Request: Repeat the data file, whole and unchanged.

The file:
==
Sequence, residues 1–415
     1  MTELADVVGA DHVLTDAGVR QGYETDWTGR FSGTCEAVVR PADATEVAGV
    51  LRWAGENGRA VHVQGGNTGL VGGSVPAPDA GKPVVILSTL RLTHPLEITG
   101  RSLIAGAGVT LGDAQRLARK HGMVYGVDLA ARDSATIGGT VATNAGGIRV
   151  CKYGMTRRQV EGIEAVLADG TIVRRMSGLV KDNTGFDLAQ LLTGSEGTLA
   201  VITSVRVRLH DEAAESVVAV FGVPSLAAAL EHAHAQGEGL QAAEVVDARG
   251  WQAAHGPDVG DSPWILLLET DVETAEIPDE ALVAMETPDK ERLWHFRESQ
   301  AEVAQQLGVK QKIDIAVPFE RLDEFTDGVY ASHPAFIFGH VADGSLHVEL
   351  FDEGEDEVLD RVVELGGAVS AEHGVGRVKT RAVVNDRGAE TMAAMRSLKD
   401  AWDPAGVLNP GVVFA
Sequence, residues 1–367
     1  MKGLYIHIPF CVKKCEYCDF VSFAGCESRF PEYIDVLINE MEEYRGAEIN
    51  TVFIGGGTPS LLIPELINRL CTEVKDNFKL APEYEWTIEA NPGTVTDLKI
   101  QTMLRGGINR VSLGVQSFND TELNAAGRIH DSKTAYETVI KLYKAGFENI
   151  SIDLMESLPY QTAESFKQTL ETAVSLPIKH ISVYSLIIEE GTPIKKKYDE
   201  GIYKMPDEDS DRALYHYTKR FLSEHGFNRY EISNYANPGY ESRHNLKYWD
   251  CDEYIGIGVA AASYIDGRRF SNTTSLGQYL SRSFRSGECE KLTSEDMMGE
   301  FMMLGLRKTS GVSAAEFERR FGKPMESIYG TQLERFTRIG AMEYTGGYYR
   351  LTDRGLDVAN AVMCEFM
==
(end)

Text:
Sequence, residues 1–415
     1  MTELADVVGA DHVLTDAGVR QGYETDWTGR FSGTCEAVVR PADATEVAGV
    51  LRWAGENGRA VHVQGGNTGL VGGSVPAPDA GKPVVILSTL RLTHPLEITG
   101  RSLIAGAGVT LGDAQRLARK HGMVYGVDLA ARDSATIGGT VATNAGGIRV
   151  CKYGMTRRQV EGIEAVLADG TIVRRMSGLV KDNTGFDLAQ LLTGSEGTLA
   201  VITSVRVRLH DEAAESVVAV FGVPSLAAAL EHAHAQGEGL QAAEVVDARG
   251  WQAAHGPDVG DSPWILLLET DVETAEIPDE ALVAMETPDK ERLWHFRESQ
   301  AEVAQQLGVK QKIDIAVPFE RLDEFTDGVY ASHPAFIFGH VADGSLHVEL
   351  FDEGEDEVLD RVVELGGAVS AEHGVGRVKT RAVVNDRGAE TMAAMRSLKD
   401  AWDPAGVLNP GVVFA
Sequence, residues 1–367
     1  MKGLYIHIPF CVKKCEYCDF VSFAGCESRF PEYIDVLINE MEEYRGAEIN
    51  TVFIGGGTPS LLIPELINRL CTEVKDNFKL APEYEWTIEA NPGTVTDLKI
   101  QTMLRGGINR VSLGVQSFND TELNAAGRIH DSKTAYETVI KLYKAGFENI
   151  SIDLMESLPY QTAESFKQTL ETAVSLPIKH ISVYSLIIEE GTPIKKKYDE
   201  GIYKMPDEDS DRALYHYTKR FLSEHGFNRY EISNYANPGY ESRHNLKYWD
   251  CDEYIGIGVA AASYIDGRRF SNTTSLGQYL SRSFRSGECE KLTSEDMMGE
   301  FMMLGLRKTS GVSAAEFERR FGKPMESIYG TQLERFTRIG AMEYTGGYYR
   351  LTDRGLDVAN AVMCEFM